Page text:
Link to article:
RIM's Blackberry Rebranding is Much More Than A Name Change
Ten years ago, Blackberry owned the smartphone segment. Then came the Iphone and Android, and by 2013 the brand is a shadow of its former mighty self. Now in a "Hail Mary" pass, Research in Motion has changed its corporate name to reflect its most famous (and maybe resurgent) product.
Excerpt: "It’s out with the old and in with the new as RIM rebrands itself with a new name, a new operating system and a new phone. It’s a bold step for a company that made several missteps after ruling the smartphone segment and believes it must start over from scratch with new products and a new brand.
By changing its name and launching an excellent operating system that runs on impressive phones, BlackBerry is doing more than writing a new chapter. It’s starting a new book. The importance of this cannot be overstated as the company that once defined the smartphone segment struggles to remain relevant in the era of Google and Apple.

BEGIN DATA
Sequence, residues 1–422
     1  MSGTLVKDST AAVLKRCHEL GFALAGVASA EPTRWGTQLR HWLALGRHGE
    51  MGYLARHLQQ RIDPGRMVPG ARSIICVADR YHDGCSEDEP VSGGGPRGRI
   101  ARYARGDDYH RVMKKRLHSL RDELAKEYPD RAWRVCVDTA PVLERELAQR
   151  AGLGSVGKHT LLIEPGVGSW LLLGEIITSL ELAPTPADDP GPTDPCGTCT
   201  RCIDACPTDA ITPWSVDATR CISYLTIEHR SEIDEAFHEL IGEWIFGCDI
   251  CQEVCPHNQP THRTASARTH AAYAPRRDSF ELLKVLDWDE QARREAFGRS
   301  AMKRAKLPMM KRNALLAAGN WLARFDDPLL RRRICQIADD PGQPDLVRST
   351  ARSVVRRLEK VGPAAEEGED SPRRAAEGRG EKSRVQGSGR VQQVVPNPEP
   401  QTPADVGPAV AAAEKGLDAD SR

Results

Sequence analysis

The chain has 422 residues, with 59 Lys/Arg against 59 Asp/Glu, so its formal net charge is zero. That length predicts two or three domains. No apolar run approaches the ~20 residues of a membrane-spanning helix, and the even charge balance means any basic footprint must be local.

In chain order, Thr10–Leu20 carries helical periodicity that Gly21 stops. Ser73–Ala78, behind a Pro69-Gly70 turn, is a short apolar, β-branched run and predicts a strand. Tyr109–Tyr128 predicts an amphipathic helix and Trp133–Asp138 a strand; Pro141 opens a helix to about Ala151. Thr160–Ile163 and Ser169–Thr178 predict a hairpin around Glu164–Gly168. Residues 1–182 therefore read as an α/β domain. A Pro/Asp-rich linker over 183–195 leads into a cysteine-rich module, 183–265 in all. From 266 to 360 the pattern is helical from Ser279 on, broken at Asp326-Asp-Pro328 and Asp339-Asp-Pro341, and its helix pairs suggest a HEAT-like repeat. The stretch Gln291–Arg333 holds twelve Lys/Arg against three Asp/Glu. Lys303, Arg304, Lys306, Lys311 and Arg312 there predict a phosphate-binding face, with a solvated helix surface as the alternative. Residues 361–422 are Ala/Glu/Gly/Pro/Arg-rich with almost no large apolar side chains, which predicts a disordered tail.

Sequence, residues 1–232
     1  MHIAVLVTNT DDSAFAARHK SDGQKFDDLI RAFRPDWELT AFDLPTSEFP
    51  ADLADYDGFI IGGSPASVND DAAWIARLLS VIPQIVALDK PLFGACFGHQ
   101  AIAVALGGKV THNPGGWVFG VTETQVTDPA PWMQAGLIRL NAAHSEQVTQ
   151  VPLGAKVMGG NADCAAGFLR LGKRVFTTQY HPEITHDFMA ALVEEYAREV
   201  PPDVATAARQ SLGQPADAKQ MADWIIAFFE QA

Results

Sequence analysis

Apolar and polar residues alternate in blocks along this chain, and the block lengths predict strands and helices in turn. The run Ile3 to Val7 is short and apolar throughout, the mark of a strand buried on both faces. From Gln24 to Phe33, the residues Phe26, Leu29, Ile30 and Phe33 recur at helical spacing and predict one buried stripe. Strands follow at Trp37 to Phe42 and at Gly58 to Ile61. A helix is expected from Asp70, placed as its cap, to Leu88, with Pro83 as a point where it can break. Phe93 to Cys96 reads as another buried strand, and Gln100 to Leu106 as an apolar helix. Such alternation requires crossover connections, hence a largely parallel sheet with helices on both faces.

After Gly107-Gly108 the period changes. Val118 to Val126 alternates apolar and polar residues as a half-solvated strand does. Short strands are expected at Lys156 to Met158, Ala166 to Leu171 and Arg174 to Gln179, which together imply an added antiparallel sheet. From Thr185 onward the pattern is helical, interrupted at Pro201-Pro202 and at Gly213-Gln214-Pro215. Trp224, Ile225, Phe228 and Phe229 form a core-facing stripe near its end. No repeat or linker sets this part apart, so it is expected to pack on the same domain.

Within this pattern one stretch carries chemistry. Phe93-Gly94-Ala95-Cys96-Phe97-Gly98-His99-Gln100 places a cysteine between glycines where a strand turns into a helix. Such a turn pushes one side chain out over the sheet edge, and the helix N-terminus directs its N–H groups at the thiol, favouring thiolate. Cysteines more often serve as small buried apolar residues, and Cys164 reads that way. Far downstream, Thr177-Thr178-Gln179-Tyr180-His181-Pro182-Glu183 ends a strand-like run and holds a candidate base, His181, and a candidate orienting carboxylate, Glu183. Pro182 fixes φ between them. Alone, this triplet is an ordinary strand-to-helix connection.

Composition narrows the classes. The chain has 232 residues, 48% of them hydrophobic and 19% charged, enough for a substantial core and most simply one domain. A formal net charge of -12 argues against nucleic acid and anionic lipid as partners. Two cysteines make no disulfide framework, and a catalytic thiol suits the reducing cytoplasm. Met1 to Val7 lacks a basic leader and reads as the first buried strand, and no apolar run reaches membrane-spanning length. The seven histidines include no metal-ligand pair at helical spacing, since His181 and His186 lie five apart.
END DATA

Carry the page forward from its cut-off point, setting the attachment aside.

The new attitude was evident from the moment CEO Thorsten Heins took the stage in New York to finally launch the long-awaited and delayed BlackBerry 10 operating system and Z10 and Q10 handsets. Before he got down to the business of pitching his products, Heins took a moment to praise the employees in the crowd and thank founder and former CEO Mike Lazaridis for his hard work. Formalities completed, Heins announced, 'From today on, we are BlackBerry everywhere in the world,' rebranding the company before Lazaridis was back in his seat.
The rebranding accompanies the release of the operating system and phones that RIM … er, BlackBerry desperately hopes will turn the company round. It’s a Hail Mary pass for a company that held 44.5 percent of the domestic market in 2006 but watched that slip to 8.4 percent in September because of Android and Apple. BlackBerry must turn things around quickly if it is to survive. It looks promising at this point. BB10 is quick, it’s stable and it’s packed with cool features. The Z10 is a nice bit of hardware. But none of this will matter if BlackBerry can’t get consumers excited and make them forget the missteps and mistakes of the past five years."